The migration on Lake Erie the next day was still very slow. But we encountered several notable species. These included Virginia Rail, Sandhill Crane (7), American White Pelican (2), American Bittern, Snowy Egret, Eastern Screech-Owl (perched during the day), Sharp-shinned Hawk (perched), and Yellow-headed Blackbird (2). We spent some time watching nesting Green Herons on the boardwalk. I heard a display call that I had never heard, a loud scowling note. We later heard this call again north at Tawas Point. Also notable was the threatened Blanding’s Turtle on the path, this one having a leech on the back of its head. In the afternoon we went to birding areas west of Toledo, notably Irwin Prairie where a pair of scarce Sedge Wrens were present and then to Oak Openings where we located a territorial Lark Sparrow, here near the eastern end of their breeding range. That evening at dusk we watched a displaying American Woodcock in flight display at Maumee State Park.

The following day the migration was improved. The small woodlot at Metzger Marsh had a nice selection of warblers including a briefly seen male Golden-winged Warbler. During the day we saw multiples of Black-throated Blue, Blackburnian, Blackpoll, and Black-throated Green. A single male Hooded and a Blue-winged Warbler were more unusual. A single Least Flycatcher was noted. Our numbers of flycatchers, particularly of Empidonax was astoundingly low during our trip. The most obvious migrants this day were Blue Jays and we conservatively estimated some 1500 flying over! That evening a few of us returned to Maumee Bay State Park where we got to see an American Woodcock calling from the ground in a flashlight.

On our final morning at Ottawa National Wildlife Refuge and the woodlot at Metzger Marsh, we could tell the migration had up-ticked considerably. New birds included Black-billed Cuckoo, Blue-headed and Philadelphia Vireos, and Mourning (male), Cape May, Canada, and Wilson’s Warblers. It was our only Canada Warbler of the tour. After lunch in Oregon, we headed north to Tawas City, Michigan.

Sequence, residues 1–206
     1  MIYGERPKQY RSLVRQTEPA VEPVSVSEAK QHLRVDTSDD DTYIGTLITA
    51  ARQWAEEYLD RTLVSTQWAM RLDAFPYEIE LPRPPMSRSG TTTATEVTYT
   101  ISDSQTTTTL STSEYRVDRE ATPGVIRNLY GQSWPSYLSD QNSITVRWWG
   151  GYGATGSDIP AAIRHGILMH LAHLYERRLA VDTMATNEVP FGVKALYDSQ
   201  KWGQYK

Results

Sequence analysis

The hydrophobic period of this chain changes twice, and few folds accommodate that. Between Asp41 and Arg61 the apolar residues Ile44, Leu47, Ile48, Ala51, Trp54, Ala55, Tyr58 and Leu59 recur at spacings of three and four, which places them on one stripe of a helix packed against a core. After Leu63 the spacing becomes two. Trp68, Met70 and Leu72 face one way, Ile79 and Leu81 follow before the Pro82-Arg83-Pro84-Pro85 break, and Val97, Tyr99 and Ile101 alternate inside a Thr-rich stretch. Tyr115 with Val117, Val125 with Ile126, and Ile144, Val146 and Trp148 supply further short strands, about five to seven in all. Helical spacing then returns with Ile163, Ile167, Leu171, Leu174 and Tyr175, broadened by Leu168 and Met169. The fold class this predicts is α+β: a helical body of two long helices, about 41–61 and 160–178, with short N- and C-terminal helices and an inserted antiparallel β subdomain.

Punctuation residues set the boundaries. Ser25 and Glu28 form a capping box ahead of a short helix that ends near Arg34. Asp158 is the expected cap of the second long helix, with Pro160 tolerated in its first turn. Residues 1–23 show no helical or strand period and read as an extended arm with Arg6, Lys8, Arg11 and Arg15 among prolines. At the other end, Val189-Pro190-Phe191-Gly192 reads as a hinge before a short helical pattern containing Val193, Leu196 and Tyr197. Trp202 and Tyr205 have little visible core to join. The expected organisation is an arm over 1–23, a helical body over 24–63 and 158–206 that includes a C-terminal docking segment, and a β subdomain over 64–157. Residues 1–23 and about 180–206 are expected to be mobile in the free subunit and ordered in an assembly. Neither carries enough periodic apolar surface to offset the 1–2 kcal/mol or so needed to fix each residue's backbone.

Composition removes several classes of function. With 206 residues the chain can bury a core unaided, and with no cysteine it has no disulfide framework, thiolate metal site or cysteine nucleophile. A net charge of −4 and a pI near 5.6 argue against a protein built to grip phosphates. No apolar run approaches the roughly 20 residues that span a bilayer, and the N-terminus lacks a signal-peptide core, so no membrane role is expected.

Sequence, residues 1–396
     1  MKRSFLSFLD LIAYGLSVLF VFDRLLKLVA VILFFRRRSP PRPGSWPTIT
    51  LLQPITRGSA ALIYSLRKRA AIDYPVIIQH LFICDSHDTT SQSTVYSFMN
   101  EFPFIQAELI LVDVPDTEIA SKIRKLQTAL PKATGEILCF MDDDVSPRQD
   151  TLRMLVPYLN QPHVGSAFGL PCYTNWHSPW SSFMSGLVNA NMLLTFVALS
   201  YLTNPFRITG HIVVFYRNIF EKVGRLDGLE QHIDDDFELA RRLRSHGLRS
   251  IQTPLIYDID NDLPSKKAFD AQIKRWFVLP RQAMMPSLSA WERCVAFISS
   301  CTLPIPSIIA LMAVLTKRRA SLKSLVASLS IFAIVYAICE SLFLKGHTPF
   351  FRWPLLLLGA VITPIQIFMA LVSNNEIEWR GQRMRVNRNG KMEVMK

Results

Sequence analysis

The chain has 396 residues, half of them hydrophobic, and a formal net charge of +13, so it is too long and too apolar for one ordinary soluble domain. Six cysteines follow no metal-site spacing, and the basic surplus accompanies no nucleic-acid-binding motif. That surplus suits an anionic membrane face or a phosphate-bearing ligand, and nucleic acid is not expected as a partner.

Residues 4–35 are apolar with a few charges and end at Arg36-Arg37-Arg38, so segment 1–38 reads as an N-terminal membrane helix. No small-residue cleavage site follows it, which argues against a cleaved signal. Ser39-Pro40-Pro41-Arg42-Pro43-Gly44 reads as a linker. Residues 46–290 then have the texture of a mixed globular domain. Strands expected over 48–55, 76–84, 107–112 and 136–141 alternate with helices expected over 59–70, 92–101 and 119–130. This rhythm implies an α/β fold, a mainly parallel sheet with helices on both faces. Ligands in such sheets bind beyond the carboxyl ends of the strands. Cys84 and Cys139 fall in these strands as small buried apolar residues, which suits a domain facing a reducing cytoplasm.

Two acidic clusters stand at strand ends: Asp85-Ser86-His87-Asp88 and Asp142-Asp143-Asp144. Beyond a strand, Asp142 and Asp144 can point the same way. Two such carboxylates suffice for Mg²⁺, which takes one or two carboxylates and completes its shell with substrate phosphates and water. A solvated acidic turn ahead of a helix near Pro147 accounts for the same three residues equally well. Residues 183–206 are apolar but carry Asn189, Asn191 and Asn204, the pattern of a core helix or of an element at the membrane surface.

The next morning, we went to Tawas Point where the migration was excellent. We tallied 20 species of warbles including a rare (for so far north) male Cerulean and a female Golden-winged. Nashvilles (some 50) were the most numerous species. Five Cape May Warblers were also noted. A dull immature female Pine Warbler was an interesting bird to study. Some 50 Cedar Waxwings and ten Scarlet Tanagers were counted. A Merlin was patrolling the point. Waterfowl were offshore, notably both Common and Red-breasted Mergansers and Bufflehead. Also in the tees was a North American Porcupine. Later in the afternoon we headed out to an emerging plantation of Jack Pines where we had our first encounter with Kirtland’s Warblers. A territorial Vesper Sparrow was also well seen.

The next day we visited the Kirtland’s Warbler area first and obtained excellent views of singing males. Returning to Tawas Point the migration was still excellent. New species included Clay-colored and Lincoln’s Sparrow and an Alder Flycatcher. Other notable specie included a seemingly lost Pileated Woodpecker, five Red-headed Woodpeckers, four Bobolinks, a male Blue-winged Warbler, and a female Golden-winged Warbler. Our count of Nashvilles was even higher, a conservative estimate of 70. They were seemingly everywhere. Three Sharp-shinned Hawks passed overhead. We searched through the 160 Bonaparte’s Gulls for two Little Gulls that had been noted by others earlier in the day, but they had departed by the time we searched for them. In the trees behind our hotel, we found our first Orange-crowned Warbler (northern subspecies celata) and a Wilson’s with other warblers. That evening after a delicious dinner at Northwoods Steakhouse we went out near dusk to Tuttle Marsh Wildlife Area. Here we had an adult male Northern Harrier and heard two American Bitterns giving their distinctive calls. We heard a few Eastern Whip-poor-wills too, but later and to the south we had excellent views of at least two around us around a small clearing in the woods.   

The migration on our final day at Tawas was again excellent with 20 species of warblers tallied including two male Mourning, a female Golden-winged, three Orange-crowned, and ten each of Bay-breasted and Blackburnian. Other species included a Black-billed Cuckoo, Peregrine Falcon, Yellow-bellied Sapsucker (female), Philadelphia Vireo, Purple Finch (singing immature male), Bobolink (four) and some fifteen Rose-breasted Grosbeaks. We conservatively estimated fifteen Ruby-throated Hummingbirds, most right around us at the tip of the point. We later continued to Mio where we looked for Upland Sandpiper for a bit. We ran into a big day team of Amish birders on bicycles, and they gave us hints on where to look for the next morning.

On our last morning we searched for Upland Sandpiper eventually spotted a distant displaying and calling bird high overhead. Later we drove to Hartwick Pines north of Grayling where we did not see Evening Grosbeak at their feeders at the nature center. Later at Nayanqung State Wildlife Area we noted two Black-crowned Night-Herons and a male Yellow-headed Blackbird on territory. From here we drove back to the Detroit area where we obtained a take-out dinner at a Middle Eastern restaurant. We dined in the breakfast room of the Holiday Inn Express.